Gravitational collapse and neutrino emission of Population III massive stars

Ken'ichiro Nakazato, Kohsuke Sumiyoshi, Shoichi Yamada

Research output: Contribution to journalArticle

24 Citations (Scopus)

Abstract

Population III (Pop III) stars are the first stars in the universe. They do not contain metals, and their formation and evolution may be different from that of stars of later generations. In fact, according to the theory of star formation, Pop III stars might have very massive components (∼ 100-10000 M). In this paper, we compute the spherically symmetric gravitational collapse of these Pop III massive stars. We solve the general relativistic hydrodynamics and neutrino transfer equations simultaneously, treating neutrino reactions in detail. Unlike supermassive stars (≳10 5 M), the stars of concern in this paper become opaque to neutrinos. The collapse is simulated until after an apparent horizon is formed. We confirm that the neutrino transfer plays a crucial role in the dynamics of gravitational collapse and find also that the β-equilibration leads to a somewhat unfamiliar evolution of electron fraction. Contrary to the naive expectation, the neutrino spectrum does not become harder for more massive stars. This is mainly because the neutrino cooling is more efficient and the outer core is more massive as the stellar mass increases. Here the outer core is the outer part of the iron core falling supersonically. We also evaluate the flux of relic neutrinos from Pop III massive stars. As expected, the detection of these neutrinos is difficult for the currently operating detectors. However, if ever observed, the spectrum will enable us to obtain information on the formation history of Pop III stars. We investigate 18 models covering the mass range of 300-104 M, making this study the most detailed numerical exploration of spherically symmetric gravitational collapse of Pop III massive stars. This will also serve as an important foundation for multidimensional investigations.

Original languageEnglish
Pages (from-to)519-533
Number of pages15
JournalAstrophysical Journal
Volume645
Issue number1 I
DOIs
Publication statusPublished - Jul 1 2006

Fingerprint

Population III stars
gravitational collapse
massive stars
neutrinos
outer core
stars
supermassive stars
hydrodynamics
cooling
iron
electron
metal
history
stellar mass
falling
horizon
star formation
coverings
universe
histories

All Science Journal Classification (ASJC) codes

  • Astronomy and Astrophysics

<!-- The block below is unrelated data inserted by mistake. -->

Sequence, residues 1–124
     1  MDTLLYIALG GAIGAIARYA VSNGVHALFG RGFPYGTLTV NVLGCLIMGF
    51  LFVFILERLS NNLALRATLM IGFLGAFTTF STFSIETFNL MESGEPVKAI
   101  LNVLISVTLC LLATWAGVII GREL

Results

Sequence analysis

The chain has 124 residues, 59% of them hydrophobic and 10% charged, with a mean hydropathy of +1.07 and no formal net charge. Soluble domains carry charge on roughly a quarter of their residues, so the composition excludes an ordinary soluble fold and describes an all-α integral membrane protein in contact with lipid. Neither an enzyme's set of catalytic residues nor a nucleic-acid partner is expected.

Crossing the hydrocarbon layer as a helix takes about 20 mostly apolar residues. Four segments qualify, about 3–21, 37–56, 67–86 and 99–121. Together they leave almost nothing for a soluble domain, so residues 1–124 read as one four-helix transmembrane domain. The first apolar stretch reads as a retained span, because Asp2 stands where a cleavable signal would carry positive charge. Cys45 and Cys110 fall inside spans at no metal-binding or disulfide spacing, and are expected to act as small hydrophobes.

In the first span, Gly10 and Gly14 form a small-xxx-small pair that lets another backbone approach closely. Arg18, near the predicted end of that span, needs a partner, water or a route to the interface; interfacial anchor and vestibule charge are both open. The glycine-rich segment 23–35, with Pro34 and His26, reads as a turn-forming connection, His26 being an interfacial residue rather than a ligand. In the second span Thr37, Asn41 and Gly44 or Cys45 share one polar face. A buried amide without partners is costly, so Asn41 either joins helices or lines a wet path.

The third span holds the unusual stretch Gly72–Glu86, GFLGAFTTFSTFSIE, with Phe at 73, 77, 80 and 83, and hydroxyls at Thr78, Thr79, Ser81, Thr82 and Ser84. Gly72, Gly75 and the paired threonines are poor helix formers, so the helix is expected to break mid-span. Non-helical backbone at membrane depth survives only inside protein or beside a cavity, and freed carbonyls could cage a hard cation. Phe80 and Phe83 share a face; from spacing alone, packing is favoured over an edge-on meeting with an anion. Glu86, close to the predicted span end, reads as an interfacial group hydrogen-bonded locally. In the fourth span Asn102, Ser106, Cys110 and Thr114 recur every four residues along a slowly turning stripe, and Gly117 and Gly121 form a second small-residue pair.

• Space and Planetary Science

Cite this

Gravitational collapse and neutrino emission of Population III massive stars. / Nakazato, Ken'ichiro; Sumiyoshi, Kohsuke; Yamada, Shoichi.

In: Astrophysical Journal, Vol. 645, No. 1 I, 01.07.2006, p. 519-533.

Research output: Contribution to journalArticle

Nakazato, Ken'ichiro ; Sumiyoshi, Kohsuke ; Yamada, Shoichi. / Gravitational collapse and neutrino emission of Population III massive stars. In: Astrophysical Journal. 2006 ; Vol. 645, No. 1 I. pp. 519-533.
@article{40ace8364dcc4c3cb39c1f851b0d0ee0,
title = "Gravitational collapse and neutrino emission of Population III massive stars",
abstract = "Population III (Pop III) stars are the first stars in the universe. They do not contain metals, and their formation and evolution may be different from that of stars of later generations. In fact, according to the theory of star formation, Pop III stars might have very massive components (∼ 100-10000 M⊙). In this paper, we compute the spherically symmetric gravitational collapse of these Pop III massive stars. We solve the general relativistic hydrodynamics and neutrino transfer equations simultaneously, treating neutrino reactions in detail. Unlike supermassive stars (≳10 5 M⊙), the stars of concern in this paper become opaque to neutrinos. The collapse is simulated until after an apparent horizon is formed. We confirm that the neutrino transfer plays a crucial role in the dynamics of gravitational collapse and find also that the β-equilibration leads to a somewhat unfamiliar evolution of electron fraction. Contrary to the naive expectation, the neutrino spectrum does not become harder for more massive stars. This is mainly because the neutrino cooling is more efficient and the outer core is more massive as the stellar mass increases. Here the outer core is the outer part of the iron core falling supersonically. We also evaluate the flux of relic neutrinos from Pop III massive stars. As expected, the detection of these neutrinos is difficult for the currently operating detectors. However, if ever observed, the spectrum will enable us to obtain information on the formation history of Pop III stars. We investigate 18 models covering the mass range of 300-104 M⊙, making this study the most detailed numerical exploration of spherically symmetric gravitational collapse of Pop III massive stars. This will also serve as an important foundation for multidimensional investigations.",